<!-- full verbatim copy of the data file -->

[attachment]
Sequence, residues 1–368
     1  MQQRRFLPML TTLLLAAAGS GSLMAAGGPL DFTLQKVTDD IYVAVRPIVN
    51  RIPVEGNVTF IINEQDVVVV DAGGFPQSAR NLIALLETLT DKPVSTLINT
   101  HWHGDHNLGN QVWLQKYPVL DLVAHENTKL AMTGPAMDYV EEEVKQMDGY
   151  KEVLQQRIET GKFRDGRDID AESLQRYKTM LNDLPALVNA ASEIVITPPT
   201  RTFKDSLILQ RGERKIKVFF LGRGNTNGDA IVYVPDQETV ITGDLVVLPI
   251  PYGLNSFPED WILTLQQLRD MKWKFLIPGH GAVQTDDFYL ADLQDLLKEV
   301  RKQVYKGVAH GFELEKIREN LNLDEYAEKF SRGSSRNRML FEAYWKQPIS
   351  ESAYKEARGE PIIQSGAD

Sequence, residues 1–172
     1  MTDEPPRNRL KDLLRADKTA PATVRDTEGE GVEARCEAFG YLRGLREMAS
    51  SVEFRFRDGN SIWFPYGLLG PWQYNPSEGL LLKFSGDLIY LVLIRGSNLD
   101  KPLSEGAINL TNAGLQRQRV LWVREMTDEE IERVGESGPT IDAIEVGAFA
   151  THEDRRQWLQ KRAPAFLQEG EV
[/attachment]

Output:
Sequence, residues 1–368
     1  MQQRRFLPML TTLLLAAAGS GSLMAAGGPL DFTLQKVTDD IYVAVRPIVN
    51  RIPVEGNVTF IINEQDVVVV DAGGFPQSAR NLIALLETLT DKPVSTLINT
   101  HWHGDHNLGN QVWLQKYPVL DLVAHENTKL AMTGPAMDYV EEEVKQMDGY
   151  KEVLQQRIET GKFRDGRDID AESLQRYKTM LNDLPALVNA ASEIVITPPT
   201  RTFKDSLILQ RGERKIKVFF LGRGNTNGDA IVYVPDQETV ITGDLVVLPI
   251  PYGLNSFPED WILTLQQLRD MKWKFLIPGH GAVQTDDFYL ADLQDLLKEV
   301  RKQVYKGVAH GFELEKIREN LNLDEYAEKF SRGSSRNRML FEAYWKQPIS
   351  ESAYKEARGE PIIQSGAD

Sequence, residues 1–172
     1  MTDEPPRNRL KDLLRADKTA PATVRDTEGE GVEARCEAFG YLRGLREMAS
    51  SVEFRFRDGN SIWFPYGLLG PWQYNPSEGL LLKFSGDLIY LVLIRGSNLD
   101  KPLSEGAINL TNAGLQRQRV LWVREMTDEE IERVGESGPT IDAIEVGAFA
   151  THEDRRQWLQ KRAPAFLQEG EV